Assessment 3: Patient journey mapping (2000 words) Week 10
    Students will analyse a case taken from a range of real life examples of a  person of Aboriginal background and their journey through the health care system. Using a simplified version of the Managing Two Worlds Together patient journey mapping tools, the student will provide a brief summary of the patient's journey, identify the aspects of health that are important for this patient, the underlying factors that impact on their access and quality of care, and how the journey has progressed from the perspective of the patient, their family and staff. They will then identify three or more things that they as a nurse could do to improve health care for this patient and/or other Aboriginal patients. The mapping will be assessed using a marking rubric.
    Submission
    Unless otherwise indicated all submission of assignments is to be through the assignments portal of MyUni. Students MUST keep an electronic copy of all assignments submitted. Cover sheets are required for all assignments and can be accessed from the School of Nursing website. Extension of time for submission of assignments is subject to negotiation with the course coordinator. Requests must be made before the due date of the assignment. In principle, all assignments should be submitted by the due date. However, an extension may be granted if the request is made before the due date and the usual administration procedures are followed. Late submission without an approved extension will be penalised at the rate of 5% of available marks for each working day after the due date. Work submitted more than ten days after the due date may be returned unmarked. This action will be taken to prevent students who do get their work in on time being disadvantaged.

    Whenever possible staff will turn around marked assignments within 4 weeks or earlier.
    Course Grading

    Grades for your performance in this course will be awarded in accordance with the following scheme:

    M10 (Coursework Mark Scheme)
    Grade Mark Description
    FNS   Fail No Submission
    F 1-49 Fail
    P 50-64 Pass
    C 65-74 Credit
    D 75-84 Distinction
    HD 85-100 High Distinction
    CN   Continuing
    NFE   No Formal Examination
    RP   Result Pending

    Further details of the grades/results can be obtained from Examinations.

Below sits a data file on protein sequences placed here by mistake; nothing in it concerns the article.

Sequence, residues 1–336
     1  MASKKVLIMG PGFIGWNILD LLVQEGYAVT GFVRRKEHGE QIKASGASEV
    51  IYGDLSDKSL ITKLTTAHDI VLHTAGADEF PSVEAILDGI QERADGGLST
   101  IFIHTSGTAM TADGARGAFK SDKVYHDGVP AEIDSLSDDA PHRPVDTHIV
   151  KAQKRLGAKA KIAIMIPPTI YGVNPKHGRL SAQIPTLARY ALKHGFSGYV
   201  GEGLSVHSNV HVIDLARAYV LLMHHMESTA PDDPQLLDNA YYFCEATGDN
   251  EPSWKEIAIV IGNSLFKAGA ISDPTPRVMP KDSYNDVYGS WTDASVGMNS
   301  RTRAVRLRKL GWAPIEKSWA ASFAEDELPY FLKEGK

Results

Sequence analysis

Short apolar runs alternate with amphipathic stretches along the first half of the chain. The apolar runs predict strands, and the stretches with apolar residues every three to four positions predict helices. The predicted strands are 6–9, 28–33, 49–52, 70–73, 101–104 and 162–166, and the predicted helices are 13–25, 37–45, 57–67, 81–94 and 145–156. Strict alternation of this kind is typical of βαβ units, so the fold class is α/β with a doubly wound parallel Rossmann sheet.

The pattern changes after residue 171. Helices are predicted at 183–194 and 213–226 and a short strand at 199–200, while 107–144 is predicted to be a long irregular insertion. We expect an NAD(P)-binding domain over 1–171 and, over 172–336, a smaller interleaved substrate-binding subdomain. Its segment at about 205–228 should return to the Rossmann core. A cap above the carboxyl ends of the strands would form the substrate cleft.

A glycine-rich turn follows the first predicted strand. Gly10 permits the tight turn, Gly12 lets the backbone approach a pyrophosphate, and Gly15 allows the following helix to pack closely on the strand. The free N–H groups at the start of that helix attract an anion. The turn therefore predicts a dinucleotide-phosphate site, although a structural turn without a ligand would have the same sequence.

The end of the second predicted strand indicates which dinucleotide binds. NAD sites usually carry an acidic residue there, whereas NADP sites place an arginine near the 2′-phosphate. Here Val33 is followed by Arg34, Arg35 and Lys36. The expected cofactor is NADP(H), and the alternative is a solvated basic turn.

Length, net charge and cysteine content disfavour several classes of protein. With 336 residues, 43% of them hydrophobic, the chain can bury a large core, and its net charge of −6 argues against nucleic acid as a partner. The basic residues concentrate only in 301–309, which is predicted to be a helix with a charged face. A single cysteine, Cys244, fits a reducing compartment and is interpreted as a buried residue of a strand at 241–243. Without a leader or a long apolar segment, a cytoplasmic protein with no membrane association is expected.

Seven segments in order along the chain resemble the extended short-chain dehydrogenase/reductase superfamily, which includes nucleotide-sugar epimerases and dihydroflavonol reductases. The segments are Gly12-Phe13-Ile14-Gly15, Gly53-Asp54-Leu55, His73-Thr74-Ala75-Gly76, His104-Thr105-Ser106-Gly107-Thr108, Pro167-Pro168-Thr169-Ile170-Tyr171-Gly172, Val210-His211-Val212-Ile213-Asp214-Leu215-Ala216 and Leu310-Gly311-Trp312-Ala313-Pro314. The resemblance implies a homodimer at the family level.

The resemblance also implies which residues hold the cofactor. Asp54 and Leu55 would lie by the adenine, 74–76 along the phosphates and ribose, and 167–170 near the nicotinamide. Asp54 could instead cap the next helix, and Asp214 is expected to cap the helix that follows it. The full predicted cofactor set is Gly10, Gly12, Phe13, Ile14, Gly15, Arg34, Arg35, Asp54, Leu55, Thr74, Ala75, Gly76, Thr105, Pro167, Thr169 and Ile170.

Grade Descriptors are available which provide a general guide to the standard of work that is expected at each grade level. More information at Assessment for Coursework Programs.

    The following marking guides will be used for the assignments:

    Marking Guide - Literature Review Critique


    Structure and Writing Style 25%

    Structure (15%)
    • The readings are clearly identified
    • The way in which the assignment will proceed is clearly described
    • The appraisal is structured according to the suggested outline with headings used to indicate the sections
    • The appraisal ends with a brief cogent defendable conclusion that summarises the discussion within the body.

    Writing style (10%)
    • The critique is written with     
    • Clear sentences      
    • Precision of expression     
    • Correct grammar      
    • Accurate spelling


    Content and Critical Analysis 60%

    • Demonstrates an understanding of the selected reading by identifying the central components.
    • There is evidence that the student critically analysed the readings, discussing the issues and concepts raised in the article and the validity of the author(s) arguments supported by additional contemporary
    references.
    • There is evidence the student reflected on the reading and on the relevance to practice.


    Referencing 15%

    • The referencing style used throughout the paper is congruent with the School Manual and School Style and Referencing Guide.
    • The reference list is accurate (i.e. no missing page numbers, volumes, correct title etc), complete (i.e. no references in the body of the paper are missing from the reference list) and consistent with the School Manual and School Style and Referencing Guide.
    • The references cited are contemporary (i.e. less than 10 years old unless seminal papers)
    • Primary references are used predominantly (i.e. the original reference has been cited rather than a secondary source)
    • There is evidence in the paper that the student has searched widely for information related to the topic/issue
    • The student has acknowledged all sources of information
    • Direct quotations are only used to make crucial points or to support the discussion/argument.




    Marking Guide - Patient Journey Mapping


    Structure and Writing Style 25%

    Structure (15%)
    • Introduces the patient
    • Clearly describes the way in which the paper will proceed (follows the suggested outline within the School Manual and School Style and Referencing Guide)
    • The paper is structured according to the suggested outline with headings used to indicate the sections
    • All sections of the templates have been completed
    • The analytical paper summaries the case details and suggestions are made for enhancement of practice.

    Writing style (10%)
    • The analytical paper is written with      
    • Clear sentence structure      
    • Clarity of argument